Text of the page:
In summary, OCCS is a widely accessible method that can be used to discriminate different causes of sudden monocular blindness. Safety is ensured by the aforementioned technical modifications. Presence or absence of the “spot sign”
helps to further discriminate embolic from vasculitic occlusion of the CRA. The expenditure of time for the examination is short and the technique is easily applied, even in the hands of less-experienced ultrasonographers. We thank Florian Zeman of the Center for Clinical Studies, located at University Hospital Regensburg for his assistance in the statistical analysis. Further, we thank our collaborators in the Department of Pathology at ZD1839 the University Hospital Regensburg, especially Prof. Ferdinand Hofstätter, M.D., for providing fast results of the temporal artery biopsies. Special thanks go to our medical technical assistant, Beate Winheim, for conducting routine ultrasound diagnostic
examinations of the brain-supplying arteries. “
“Detection of increased intracranial pressure Dabrafenib (ICP) is associated with poor outcome and therefore important in neurocritical care. Although invasive ventricular devices are the gold standard for continuous and reliable measurement of ICP, its placement could be challenging due to lack of immediate surgical availability, and their malfunction or obstruction has been reported. Transcranial Doppler sonography (TCD) is a suitable bedside method for daily assessment of the changes of ICP by continuous monitoring of the changes of blood flow velocities and MRIP pulsatility index, reflecting decreases in cerebral perfusion pressure due to increases in ICP . However, its usage is restricted in patients with insufficient temporal bone windows. Noninvasive ocular ultrasonography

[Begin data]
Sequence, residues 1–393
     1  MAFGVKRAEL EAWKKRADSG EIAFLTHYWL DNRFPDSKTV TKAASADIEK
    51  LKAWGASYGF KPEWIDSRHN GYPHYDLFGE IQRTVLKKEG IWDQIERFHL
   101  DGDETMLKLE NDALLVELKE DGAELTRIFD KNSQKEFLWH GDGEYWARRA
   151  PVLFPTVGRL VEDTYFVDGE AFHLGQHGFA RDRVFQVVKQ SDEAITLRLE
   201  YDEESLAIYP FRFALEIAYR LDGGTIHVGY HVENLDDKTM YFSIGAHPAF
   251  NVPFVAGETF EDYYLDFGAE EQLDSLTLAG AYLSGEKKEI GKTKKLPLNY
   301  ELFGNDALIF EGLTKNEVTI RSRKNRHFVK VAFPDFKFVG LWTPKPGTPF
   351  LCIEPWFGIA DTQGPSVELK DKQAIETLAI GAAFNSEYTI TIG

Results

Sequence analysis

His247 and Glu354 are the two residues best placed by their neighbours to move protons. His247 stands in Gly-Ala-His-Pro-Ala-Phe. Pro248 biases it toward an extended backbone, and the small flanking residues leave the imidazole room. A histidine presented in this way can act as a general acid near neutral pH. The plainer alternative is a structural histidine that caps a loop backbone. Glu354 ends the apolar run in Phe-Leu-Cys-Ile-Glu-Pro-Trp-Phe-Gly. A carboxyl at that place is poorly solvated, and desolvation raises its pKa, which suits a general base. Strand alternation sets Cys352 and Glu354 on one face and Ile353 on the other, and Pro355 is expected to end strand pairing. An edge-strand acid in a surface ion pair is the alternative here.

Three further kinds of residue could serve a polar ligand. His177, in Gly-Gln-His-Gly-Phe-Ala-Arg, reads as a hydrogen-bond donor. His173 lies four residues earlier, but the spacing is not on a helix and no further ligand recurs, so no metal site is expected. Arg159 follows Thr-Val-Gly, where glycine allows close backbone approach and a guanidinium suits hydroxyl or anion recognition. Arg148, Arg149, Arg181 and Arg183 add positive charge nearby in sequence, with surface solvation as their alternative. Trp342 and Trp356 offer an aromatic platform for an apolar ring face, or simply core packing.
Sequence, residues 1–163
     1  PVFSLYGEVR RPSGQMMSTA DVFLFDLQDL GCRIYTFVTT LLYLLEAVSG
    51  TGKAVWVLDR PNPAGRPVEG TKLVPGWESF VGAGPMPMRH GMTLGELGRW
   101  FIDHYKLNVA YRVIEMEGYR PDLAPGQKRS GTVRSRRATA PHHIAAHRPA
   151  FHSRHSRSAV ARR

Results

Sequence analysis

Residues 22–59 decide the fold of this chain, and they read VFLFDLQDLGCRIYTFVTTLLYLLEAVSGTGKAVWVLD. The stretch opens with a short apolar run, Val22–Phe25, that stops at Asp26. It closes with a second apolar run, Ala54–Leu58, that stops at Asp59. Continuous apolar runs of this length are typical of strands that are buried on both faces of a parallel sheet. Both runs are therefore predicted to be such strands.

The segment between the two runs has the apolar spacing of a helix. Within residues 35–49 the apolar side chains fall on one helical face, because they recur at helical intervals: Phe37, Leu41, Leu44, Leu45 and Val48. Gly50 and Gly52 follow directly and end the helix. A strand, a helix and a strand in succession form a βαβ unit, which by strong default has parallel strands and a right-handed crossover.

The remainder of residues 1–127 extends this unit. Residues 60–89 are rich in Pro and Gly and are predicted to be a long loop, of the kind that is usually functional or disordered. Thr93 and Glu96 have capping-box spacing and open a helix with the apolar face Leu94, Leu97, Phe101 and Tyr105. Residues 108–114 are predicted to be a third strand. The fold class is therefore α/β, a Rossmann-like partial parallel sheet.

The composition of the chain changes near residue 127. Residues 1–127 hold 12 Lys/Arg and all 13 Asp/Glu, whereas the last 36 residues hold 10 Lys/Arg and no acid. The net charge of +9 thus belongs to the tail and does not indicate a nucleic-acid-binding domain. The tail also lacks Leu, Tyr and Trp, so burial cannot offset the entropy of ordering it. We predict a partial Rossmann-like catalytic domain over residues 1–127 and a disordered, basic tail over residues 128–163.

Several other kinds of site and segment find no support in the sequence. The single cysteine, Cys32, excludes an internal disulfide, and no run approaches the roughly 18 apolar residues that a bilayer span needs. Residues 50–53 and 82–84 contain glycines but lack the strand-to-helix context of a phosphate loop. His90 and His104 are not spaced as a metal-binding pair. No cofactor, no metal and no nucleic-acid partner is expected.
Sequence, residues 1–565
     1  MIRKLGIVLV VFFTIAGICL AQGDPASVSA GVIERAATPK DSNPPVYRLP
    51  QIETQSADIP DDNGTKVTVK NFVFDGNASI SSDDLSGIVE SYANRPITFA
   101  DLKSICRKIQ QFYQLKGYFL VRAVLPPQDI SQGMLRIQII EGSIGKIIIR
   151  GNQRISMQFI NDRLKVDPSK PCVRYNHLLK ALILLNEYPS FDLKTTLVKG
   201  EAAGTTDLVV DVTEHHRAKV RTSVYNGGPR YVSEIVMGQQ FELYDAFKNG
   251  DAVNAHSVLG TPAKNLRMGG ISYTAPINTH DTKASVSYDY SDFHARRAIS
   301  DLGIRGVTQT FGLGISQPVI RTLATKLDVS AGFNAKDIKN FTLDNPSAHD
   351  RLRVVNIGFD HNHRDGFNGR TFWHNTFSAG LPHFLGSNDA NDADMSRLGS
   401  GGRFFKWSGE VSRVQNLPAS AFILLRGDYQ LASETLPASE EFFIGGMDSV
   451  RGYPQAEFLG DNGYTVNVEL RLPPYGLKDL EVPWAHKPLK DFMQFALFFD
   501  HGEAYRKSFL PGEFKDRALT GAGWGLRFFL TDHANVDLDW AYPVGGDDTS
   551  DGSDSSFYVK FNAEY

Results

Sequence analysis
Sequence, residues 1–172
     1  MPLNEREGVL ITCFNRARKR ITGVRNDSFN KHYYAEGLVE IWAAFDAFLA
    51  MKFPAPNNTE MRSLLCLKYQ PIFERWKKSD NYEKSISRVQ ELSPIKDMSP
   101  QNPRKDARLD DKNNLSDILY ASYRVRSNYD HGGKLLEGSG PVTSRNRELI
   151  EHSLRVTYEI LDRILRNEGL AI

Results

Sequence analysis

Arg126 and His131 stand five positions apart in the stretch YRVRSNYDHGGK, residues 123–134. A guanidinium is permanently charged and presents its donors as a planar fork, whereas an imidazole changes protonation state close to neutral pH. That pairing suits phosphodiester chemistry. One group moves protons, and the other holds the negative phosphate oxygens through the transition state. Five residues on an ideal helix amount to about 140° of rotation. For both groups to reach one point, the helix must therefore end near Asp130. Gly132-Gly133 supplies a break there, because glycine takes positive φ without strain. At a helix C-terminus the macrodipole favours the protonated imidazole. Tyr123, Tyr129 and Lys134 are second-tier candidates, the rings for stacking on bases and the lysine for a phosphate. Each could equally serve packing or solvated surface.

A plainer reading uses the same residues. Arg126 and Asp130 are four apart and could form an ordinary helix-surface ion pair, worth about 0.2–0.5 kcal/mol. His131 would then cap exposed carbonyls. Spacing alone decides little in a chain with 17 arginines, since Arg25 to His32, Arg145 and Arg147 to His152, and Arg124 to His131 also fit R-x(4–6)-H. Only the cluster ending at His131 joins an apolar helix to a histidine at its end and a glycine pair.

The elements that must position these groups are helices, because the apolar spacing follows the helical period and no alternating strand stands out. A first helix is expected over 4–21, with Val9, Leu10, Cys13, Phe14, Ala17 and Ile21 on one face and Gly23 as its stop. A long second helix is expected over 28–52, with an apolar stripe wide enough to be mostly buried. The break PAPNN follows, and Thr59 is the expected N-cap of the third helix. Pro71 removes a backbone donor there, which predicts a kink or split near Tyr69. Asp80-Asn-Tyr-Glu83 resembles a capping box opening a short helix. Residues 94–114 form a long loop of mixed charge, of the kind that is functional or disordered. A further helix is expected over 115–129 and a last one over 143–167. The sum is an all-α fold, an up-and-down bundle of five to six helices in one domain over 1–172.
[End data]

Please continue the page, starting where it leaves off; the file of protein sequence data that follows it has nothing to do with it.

has recently been proposed to detect elevated ICP, since the retrobulbar segment of the optic nerve is surrounded by a distensible subarachnoid space which can inflate during increase in cerebrospinal fluid pressure. Clinical studies have suggested that sonographic measurements of optic nerve sheath diameter correlate with clinical signs of increased intracranial pressure, and this technique could serve as a screening test in patients at risk for increased ICP, when invasive monitoring is not possible or is not clearly recommended , , ,  and . Brain death is a clinical diagnosis developing after different pathological processes causing brain edema and raised ICP that finally lead to brain incarceration. As a result of extreme increased ICP, brain perfusion will cease, that is typically visualized as a stop of the contrast medium at the scull base on angiography.